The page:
These acts were not isolated but formed part of a broader policy to target any dissenting belief or religious practice, including Christian converts, members of the Gonabadi dervish order, and atheists (RFE/RL 2022).

The Baha’i Community has kept meticulous records of individuals and communities who have suffered persecution, and the spurious/official reasons given for individual detentions and deliberate destruction of homes, farms and businesses (BIC, 2022).

We note that UN is not being selective in its open criticism of the situation in Iran. A periodic review of the human rights records of all 193 UN Member States is undertaken through the Universal Periodic Review (UPR) in a unique UN Human Rights Council peer-review process.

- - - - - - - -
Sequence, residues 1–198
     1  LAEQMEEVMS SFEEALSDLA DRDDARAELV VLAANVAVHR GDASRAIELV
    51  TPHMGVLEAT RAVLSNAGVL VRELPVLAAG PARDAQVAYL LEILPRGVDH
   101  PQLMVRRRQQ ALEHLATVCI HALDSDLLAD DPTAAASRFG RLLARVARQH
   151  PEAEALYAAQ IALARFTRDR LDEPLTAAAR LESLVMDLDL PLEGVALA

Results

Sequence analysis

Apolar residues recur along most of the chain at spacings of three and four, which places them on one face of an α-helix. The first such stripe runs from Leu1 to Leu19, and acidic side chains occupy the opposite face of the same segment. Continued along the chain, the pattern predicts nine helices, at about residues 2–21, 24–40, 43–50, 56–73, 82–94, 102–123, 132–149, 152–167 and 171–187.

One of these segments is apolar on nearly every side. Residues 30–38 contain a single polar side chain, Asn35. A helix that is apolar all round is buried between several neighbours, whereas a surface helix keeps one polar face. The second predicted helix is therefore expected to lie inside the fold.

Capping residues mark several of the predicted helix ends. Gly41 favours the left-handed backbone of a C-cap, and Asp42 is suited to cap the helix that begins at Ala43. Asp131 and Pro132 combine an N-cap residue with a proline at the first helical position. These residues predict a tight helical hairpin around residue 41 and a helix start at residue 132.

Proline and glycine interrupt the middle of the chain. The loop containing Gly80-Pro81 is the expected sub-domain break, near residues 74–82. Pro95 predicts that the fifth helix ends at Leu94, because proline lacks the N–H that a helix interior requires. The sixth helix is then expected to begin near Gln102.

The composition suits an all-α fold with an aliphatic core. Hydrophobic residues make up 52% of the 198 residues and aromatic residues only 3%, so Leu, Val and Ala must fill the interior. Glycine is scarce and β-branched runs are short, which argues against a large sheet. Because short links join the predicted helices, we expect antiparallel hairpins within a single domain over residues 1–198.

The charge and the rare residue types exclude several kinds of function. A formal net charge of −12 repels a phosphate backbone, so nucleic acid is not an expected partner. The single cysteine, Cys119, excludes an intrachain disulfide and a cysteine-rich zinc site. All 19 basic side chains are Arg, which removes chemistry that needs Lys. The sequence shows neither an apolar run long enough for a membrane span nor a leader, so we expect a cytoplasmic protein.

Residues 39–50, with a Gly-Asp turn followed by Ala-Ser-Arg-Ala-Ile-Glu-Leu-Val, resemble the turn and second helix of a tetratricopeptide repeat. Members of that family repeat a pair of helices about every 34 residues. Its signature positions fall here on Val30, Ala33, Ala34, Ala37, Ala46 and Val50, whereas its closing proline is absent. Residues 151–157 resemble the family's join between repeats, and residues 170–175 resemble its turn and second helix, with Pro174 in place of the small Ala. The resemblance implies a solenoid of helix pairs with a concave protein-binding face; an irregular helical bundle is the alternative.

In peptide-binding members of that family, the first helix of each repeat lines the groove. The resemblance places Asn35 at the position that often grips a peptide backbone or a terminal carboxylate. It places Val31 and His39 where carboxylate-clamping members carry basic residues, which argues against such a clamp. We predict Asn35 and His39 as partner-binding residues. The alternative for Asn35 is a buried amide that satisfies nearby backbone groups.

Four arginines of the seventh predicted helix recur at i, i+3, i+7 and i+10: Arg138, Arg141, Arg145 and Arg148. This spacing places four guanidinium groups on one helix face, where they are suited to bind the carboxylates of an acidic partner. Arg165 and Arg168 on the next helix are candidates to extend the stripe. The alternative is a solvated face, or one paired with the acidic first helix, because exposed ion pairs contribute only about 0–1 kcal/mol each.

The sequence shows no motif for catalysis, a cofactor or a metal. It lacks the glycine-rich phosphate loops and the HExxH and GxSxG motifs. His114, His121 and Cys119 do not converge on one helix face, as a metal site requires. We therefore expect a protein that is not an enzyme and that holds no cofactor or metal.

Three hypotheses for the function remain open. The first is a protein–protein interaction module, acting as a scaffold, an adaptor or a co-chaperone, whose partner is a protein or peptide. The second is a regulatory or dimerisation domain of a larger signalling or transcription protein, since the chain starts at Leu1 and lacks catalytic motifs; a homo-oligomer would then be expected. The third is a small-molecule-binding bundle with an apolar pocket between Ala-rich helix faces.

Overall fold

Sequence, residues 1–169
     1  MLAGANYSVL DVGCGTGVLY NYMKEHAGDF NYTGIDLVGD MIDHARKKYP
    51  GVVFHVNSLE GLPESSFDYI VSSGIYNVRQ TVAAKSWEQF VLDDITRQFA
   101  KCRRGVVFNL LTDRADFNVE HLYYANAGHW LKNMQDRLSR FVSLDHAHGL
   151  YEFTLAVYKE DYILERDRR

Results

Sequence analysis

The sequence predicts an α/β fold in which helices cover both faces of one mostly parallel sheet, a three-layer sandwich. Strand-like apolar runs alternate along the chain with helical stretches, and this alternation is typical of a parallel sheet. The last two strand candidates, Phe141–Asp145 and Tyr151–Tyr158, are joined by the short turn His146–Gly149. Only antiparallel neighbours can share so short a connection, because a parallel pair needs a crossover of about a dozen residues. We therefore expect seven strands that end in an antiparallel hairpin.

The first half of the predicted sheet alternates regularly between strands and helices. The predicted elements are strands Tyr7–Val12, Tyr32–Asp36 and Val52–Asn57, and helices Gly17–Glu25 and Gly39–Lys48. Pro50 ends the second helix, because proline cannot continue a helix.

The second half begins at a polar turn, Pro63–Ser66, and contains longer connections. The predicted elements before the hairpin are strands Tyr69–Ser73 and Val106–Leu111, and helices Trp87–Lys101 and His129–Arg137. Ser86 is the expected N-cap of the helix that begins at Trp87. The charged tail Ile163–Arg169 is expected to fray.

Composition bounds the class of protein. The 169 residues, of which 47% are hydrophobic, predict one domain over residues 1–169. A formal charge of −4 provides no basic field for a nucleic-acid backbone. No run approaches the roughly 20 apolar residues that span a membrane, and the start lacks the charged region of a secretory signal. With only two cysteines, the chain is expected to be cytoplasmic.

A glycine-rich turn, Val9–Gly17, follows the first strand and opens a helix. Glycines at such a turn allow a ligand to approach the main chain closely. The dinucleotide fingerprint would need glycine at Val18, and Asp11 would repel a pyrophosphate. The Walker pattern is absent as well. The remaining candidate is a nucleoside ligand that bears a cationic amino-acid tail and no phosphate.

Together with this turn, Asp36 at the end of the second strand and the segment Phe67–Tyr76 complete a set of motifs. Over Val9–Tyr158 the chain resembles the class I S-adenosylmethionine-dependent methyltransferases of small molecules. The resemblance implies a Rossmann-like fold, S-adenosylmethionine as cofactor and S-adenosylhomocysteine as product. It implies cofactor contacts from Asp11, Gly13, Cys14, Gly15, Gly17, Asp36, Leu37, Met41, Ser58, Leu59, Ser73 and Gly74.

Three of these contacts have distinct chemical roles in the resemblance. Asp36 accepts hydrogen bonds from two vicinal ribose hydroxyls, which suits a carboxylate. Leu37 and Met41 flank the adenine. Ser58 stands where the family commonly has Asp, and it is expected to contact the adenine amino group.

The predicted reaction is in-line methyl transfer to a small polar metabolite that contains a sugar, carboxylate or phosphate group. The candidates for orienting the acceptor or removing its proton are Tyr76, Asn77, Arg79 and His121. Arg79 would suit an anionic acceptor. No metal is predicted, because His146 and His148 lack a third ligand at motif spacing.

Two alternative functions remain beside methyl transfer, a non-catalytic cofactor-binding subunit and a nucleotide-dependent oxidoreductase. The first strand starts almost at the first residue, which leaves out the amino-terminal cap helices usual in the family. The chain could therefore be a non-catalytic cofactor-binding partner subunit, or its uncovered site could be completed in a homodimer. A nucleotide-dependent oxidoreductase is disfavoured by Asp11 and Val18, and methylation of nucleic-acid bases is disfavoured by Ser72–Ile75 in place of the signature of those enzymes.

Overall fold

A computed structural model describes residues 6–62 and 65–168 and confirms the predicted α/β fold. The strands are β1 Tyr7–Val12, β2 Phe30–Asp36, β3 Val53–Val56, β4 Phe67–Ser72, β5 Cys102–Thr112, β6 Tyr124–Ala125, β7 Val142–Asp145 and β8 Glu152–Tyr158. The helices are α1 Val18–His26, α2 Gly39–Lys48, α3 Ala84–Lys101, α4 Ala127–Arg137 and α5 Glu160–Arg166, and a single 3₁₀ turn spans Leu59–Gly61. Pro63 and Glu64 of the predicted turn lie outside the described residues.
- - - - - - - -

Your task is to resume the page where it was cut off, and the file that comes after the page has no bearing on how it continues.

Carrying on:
The Universal Periodic Review is a significant innovation in human rights, based on equal treatment for all countries, led by Member States and covers a broad range of international human rights obligations. Australia submitted its third Universal Periodic Review (UPR) national report to the UN in December 2020, in a review of Australia’s progress in protecting and promoting human rights.

The Foreign Policy Review UK recently produced a thorough analysis of the extent and nature of violence against women in Iran (FPR, 2022). According to experts, 66% of Iranian women – twice the global average – experience violence in their lifetime (NCRI, 2018). Most acts of violence against women go unreported, and any official published statistics lack transparency.